One of its first decisions was confirming the election of South African International Relations and Co-operation Minister Maite Nkoana-Mashabane, as COP17 president.

Nkoana-Mashabane told delegates that a “mammoth task” lay ahead of them.

“We are in Durban with one purpose: that is to secure a future for generations to come.”

Referring to a second commitment period for the Kyoto Protocol, she warned that if this question was not resolved, “the outcome of other matters in the negotiations will become extremely difficult”.

The summit, which ends on December 9, is aimed at cutting greenhouse gas emissions enough to keep any rise in global average temperature to below 2°C to prevent catastrophic climate change later this century.

Zuma warned that Africa was especially vulnerable to climate change. This was not just because of extreme events such as droughts and floods, but also due to poverty, “which limits the ability of countries to cope with climate change”. – Sapa

A picture says a thousand words …


Carbon prices tumble to record low (Javier Blas, Financial times, 24/11/2011)

The price of carbon permits has fallen to an all-time low, prompting bankers and traders to question the future of the European Union and United Nations’ cap-and-trade scheme.

The sharp price fall comes as several top commodities trading houses and Wall Street banks cut sharply their activity in the market. “The carbon scheme isn’t working,” Per Lekander, analyst at Swiss bank UBS, told clients in a note.

Noble Group, the Singapore-listed trader, said earlier this month it had “limited” its activity in the carbon market, complaining there was “insufficient market liquidity” to insure its positions.

In another sign of companies losing faith in the scheme’s prospects, JPMorgan sold its ClimateCare carbon permits business in August, although the bank remains active in the carbon market.

Analysts blamed the sharp drop in prices on lower European economic growth, which is likely to reduce emissions growth, and the imminent sale of millions of allowances from the European Investment Bank, which plans to use the proceeds to invest in green projects.

The price of UN-backed certificates of emission reductions (CER), which polluters buy to offset their output of greenhouse gases, fell on Thursday to an all-time low of €5.90, down more than 50 per cent since June. The price of European allowances (EUA) under Brussels’ six-year-old emissions trading scheme also fell to a record low on Thursday, hitting €7.80, below the previous low of €8.05 set in February 2009. EUA prices have fallen 15 per cent this week.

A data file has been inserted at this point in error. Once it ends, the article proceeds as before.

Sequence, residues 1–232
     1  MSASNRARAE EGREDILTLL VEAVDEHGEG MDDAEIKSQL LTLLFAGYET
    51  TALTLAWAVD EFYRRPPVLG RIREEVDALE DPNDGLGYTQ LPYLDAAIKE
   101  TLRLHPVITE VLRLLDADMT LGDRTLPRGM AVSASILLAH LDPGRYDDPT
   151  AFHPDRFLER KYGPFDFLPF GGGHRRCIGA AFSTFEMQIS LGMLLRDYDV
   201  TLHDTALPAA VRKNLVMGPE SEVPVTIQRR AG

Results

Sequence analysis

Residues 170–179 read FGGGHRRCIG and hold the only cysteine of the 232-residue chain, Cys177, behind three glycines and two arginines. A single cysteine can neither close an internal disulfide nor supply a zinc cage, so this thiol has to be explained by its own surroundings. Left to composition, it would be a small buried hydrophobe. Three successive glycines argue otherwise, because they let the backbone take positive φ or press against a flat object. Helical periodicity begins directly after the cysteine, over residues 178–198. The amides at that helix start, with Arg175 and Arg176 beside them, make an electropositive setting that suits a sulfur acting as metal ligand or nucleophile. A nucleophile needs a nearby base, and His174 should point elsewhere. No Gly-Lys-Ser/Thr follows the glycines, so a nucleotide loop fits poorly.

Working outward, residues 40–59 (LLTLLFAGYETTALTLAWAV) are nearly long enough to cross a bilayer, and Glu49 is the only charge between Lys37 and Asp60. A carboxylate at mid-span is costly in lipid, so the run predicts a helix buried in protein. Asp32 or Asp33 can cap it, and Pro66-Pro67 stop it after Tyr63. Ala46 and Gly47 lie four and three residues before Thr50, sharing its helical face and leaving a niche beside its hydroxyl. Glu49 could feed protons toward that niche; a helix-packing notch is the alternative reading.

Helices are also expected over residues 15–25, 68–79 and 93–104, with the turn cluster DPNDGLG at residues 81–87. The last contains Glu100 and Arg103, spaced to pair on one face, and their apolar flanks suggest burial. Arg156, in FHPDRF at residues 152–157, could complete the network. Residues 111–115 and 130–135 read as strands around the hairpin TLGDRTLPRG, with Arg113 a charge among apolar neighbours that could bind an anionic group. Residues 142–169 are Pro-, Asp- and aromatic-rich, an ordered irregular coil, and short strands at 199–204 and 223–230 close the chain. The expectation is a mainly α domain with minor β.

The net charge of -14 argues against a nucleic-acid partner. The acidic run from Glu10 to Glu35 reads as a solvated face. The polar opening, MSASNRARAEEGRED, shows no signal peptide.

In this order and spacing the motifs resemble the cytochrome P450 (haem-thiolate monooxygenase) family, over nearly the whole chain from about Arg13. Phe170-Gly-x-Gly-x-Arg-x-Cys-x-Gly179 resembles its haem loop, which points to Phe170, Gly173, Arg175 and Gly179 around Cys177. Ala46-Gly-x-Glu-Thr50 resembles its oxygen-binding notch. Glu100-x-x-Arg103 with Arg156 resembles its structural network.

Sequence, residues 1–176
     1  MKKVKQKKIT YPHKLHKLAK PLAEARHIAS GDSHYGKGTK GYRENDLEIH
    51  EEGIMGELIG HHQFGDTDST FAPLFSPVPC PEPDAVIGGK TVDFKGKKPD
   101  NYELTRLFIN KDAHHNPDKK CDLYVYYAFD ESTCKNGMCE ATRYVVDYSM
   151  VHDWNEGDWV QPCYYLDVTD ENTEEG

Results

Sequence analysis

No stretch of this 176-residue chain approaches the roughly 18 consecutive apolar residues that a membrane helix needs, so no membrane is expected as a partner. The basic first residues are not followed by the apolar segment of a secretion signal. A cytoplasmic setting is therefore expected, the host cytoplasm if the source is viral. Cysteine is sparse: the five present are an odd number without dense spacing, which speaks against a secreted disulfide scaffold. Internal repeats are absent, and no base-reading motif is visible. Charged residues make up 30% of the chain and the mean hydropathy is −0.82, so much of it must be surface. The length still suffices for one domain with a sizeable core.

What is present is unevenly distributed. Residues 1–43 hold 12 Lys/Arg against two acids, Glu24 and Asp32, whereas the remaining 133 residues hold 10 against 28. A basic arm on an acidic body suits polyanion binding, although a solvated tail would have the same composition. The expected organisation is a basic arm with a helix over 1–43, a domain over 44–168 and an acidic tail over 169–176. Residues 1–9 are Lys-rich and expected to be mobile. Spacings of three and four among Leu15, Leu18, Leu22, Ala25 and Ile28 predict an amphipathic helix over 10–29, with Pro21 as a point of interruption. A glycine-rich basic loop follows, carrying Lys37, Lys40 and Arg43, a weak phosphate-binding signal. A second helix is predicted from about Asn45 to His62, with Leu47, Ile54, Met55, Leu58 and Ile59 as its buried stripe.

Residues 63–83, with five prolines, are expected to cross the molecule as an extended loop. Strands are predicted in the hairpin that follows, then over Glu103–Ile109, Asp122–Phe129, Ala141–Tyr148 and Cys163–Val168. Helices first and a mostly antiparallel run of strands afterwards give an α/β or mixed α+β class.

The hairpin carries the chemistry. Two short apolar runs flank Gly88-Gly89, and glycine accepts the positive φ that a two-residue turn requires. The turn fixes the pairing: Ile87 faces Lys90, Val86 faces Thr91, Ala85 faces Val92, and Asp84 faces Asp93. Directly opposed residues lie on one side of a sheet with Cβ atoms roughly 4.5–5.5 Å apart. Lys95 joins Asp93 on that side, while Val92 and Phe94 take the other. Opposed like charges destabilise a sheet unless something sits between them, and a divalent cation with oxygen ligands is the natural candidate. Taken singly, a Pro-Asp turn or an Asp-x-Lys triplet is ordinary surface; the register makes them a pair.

“We do not expect the pricing outlook to improve materially in the foreseeable future,” said Isabelle Curien at Deutsche Bank in Paris. Trevor Sikorski, at Barclays Capital in London, said: “The risks are biased to the downside.”

The fall in the prices of permits could complicate talks at the UN climate summit in Durban, which starts next week, amid widespread fears that negotiators will again fail to produce a comprehensive, legally binding global agreement to tackle climate change.

Cap-and-trade schemes, led by the EU, have suffered since their launch. In January, the EU authorities said that “cyber-thieves” stole as much as €30m in carbon allowances from the region’s emissions trading system, forcing exchanges across Europe to halt briefly trading in carbon allowances But the schemes have more recently received a boost after Australia announced a tax system on polluters, putting the country on track to have the biggest emissions trading system outside Europe.

The low price for carbon permits is raising questions about the effectiveness of the cap-and-trade scheme in forcing companies to adopt greener technologies.

“The [carbon] price is already too low to have any significant environmental impact,” Mr Lekander said in the UBS note, prompting a rebuttal from lobby groups supporting the cap-and-trade scheme.

Miles Austin, director of the Climate Markets and Investment Association, said the EU’s scheme has “put 11,000 European industrial installations onto a low carbon pathway, in line with the agreed cap.”